Kukla's Korner Hockey
NEW YORK (Jan. 15, 2008)— Rookie scoring leader Patrick Kane of the Chicago Blackhawks and first-year defenseman Tobias Enstrom of the All-Star host Atlanta Thrashers headline the 16 ‘NHL YoungStars’ invited to the 2008 NHL All-Star Weekend, the National Hockey League announced today.
from John Buccigross at ESPN,
Shannon is the NHL’s television repair man. His official title is senior vice president of broadcasting. His job, among other things, is to deal with all of the NHL’s broadcast partners and maximize how the product is presented by local and national outlets.
Q: How happy are you in the way NHL games are being broadcasted by the 30 local networks?
A: I think we are better than we were two years ago. I think camera position and awareness of camera positions is an important thing. I think we are making inroads there and helping them with their commentators to make them more complete broadcasters.
from Adrian Dater of the Denver Post,
Tattoos cover roughly half of Jose Theodore’s upper body. They are elaborately stenciled works, some in dedication to his wife and daughter. Some seem to just signify rock ‘n’ roll cool associated with his hobby of strumming a guitar away from the hockey rink.
Winning has a funny way of making players seem cool again. Theodore’s locker stall has been bereft of reporters much of the past couple of seasons with the Avalanche, but has become a crowded place again. There is much more notice, therefore, of the intricacies of those tattoos — along with anything else on his body, or mind.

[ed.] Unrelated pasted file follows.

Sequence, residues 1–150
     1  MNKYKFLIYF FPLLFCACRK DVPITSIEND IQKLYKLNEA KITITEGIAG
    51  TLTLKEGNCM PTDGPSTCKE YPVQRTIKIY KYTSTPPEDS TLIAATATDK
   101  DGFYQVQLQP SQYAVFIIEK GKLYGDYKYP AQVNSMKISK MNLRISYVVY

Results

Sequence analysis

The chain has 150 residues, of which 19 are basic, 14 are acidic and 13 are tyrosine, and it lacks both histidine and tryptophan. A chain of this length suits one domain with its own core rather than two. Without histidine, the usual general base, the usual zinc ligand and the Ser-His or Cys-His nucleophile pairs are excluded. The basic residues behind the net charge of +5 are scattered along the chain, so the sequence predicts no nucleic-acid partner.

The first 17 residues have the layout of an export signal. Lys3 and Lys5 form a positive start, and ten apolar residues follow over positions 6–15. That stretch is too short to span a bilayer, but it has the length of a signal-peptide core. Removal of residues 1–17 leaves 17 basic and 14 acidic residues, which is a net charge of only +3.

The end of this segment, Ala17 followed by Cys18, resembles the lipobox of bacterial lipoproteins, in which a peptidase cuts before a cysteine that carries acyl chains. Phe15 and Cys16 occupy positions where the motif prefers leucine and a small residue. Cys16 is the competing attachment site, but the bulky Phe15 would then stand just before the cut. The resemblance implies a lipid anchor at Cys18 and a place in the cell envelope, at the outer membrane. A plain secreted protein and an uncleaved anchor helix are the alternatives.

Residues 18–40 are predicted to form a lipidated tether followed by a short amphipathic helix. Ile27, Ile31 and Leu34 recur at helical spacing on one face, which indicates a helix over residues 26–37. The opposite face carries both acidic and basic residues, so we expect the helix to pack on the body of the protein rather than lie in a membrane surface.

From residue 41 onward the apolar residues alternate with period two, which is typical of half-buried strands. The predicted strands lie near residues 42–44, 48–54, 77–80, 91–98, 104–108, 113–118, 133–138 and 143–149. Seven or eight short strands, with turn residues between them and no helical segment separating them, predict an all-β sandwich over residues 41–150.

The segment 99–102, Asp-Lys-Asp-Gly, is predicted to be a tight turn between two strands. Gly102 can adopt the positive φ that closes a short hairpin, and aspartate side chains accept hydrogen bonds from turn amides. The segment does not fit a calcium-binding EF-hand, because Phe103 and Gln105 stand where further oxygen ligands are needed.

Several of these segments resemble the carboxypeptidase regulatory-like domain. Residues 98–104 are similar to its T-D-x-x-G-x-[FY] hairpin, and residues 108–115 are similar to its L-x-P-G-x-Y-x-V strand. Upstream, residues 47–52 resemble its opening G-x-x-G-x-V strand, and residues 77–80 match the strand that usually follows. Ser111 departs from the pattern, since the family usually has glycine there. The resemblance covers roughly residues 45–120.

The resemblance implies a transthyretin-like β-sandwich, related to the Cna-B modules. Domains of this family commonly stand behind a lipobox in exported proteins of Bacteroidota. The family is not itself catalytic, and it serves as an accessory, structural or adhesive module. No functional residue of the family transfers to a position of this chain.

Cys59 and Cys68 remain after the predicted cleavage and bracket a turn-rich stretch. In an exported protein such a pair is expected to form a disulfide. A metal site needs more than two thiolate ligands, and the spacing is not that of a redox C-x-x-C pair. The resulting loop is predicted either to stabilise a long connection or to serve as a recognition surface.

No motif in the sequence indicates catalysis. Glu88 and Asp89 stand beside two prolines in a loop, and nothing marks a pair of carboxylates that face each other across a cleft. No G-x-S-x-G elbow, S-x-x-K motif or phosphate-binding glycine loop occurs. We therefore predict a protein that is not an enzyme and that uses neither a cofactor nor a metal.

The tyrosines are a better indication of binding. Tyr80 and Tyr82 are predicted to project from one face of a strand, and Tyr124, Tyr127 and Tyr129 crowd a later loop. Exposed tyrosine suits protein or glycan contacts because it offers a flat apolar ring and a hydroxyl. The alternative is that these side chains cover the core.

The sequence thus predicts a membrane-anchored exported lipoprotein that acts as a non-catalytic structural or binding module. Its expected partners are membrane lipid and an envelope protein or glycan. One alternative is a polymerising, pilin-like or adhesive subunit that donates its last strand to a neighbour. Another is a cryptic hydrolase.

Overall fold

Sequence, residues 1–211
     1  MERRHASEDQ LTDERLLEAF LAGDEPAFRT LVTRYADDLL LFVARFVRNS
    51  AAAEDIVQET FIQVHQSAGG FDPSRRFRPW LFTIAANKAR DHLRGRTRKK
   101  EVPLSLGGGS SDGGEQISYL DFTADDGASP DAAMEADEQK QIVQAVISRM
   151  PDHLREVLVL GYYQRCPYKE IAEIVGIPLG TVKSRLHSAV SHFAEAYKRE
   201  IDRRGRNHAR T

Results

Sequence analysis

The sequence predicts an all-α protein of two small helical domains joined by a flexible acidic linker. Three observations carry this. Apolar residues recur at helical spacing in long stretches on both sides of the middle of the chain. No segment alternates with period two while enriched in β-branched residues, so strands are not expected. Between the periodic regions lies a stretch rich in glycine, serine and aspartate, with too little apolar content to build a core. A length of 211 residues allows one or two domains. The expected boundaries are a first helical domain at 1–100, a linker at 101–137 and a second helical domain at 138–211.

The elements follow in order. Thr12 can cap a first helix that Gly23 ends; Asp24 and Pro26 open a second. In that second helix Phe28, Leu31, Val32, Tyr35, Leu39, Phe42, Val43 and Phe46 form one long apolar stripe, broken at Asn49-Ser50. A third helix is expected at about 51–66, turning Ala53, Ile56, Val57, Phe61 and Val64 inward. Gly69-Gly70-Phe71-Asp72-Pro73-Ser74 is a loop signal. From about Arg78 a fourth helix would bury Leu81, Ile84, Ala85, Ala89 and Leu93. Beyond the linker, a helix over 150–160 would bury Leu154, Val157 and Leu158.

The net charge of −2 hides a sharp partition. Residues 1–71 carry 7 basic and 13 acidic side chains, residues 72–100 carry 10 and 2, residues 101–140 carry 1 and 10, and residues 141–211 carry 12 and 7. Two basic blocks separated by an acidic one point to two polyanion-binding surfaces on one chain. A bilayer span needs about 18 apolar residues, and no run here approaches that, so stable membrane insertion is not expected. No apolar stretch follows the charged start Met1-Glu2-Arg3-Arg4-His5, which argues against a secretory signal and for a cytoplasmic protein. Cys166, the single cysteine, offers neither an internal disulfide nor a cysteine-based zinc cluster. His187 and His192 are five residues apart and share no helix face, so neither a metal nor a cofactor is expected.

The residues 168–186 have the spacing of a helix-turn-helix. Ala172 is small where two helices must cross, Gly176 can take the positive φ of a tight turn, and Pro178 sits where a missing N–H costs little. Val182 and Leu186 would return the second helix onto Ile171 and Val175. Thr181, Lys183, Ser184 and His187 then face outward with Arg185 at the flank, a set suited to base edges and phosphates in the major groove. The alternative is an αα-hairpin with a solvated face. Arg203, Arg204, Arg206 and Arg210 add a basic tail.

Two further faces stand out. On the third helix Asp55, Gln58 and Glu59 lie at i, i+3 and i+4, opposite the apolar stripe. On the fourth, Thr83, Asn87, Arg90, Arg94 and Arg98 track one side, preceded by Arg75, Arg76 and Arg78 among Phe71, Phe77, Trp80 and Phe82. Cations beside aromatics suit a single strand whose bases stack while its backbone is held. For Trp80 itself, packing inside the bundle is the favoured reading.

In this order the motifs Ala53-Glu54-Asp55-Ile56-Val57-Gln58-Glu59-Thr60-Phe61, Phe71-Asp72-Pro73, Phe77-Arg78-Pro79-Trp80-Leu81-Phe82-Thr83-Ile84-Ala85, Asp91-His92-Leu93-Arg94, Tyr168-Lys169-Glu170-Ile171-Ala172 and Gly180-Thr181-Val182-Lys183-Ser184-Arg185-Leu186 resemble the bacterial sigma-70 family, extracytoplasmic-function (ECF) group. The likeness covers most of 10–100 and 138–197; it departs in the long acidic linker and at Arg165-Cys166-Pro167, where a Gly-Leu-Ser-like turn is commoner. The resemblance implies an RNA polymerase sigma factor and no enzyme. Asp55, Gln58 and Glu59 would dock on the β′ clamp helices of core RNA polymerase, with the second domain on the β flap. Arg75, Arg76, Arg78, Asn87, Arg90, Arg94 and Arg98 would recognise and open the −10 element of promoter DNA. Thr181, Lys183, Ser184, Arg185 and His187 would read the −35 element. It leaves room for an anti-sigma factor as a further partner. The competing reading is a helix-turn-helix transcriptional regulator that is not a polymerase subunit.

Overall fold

from Eric Francis of the Calgary Sun,
Darryl Sutter’s annual bid to bolster his team’s playoff chances started yesterday with the acquisition of 40-year-old insurance policy Curtis Joseph.
Not only does it signal Sutter’s obvious belief the team has the main ingredients necessary to challenge for hockey’s most coveted silver chalice, it also means the hype surrounding the club’s young goaltenders is just that.
from the Windsor Star,
The Czech border guards, the open-air rinks of Sweden and Amsterdam’s red-light district. The memories remain fresh whenever Polonich reflects back on his season playing in Europe for the London Lions.
The idea was the brainchild of Detroit Red Wings owner Bruce Norris, who envisioned a European pro league with franchises sponsored by NHL clubs and invested $300,000 in his British squad in 1973-74, playing exhibition games throughout Europe.
Future plans called for the Toronto Maple Leafs to ice a team in Sweden and slated the Montreal Canadiens to place a farm club in Finland.
from Scott Burnside at ESPN,
If it is fair to suggest that the additions to the lineup have not produced success and that entirely missing the playoffs now is a distinct possibility, would it not follow that the route to rediscovering success might well be to subtract from the equation?
If this is true, the economics of the new NHL suggest Jagr, who will be an unrestricted free agent in the summer, is the most logical piece to move. It goes without saying that there would be a market for a player of Jagr’s immense talent, even in the face of this surprisingly disappointing season.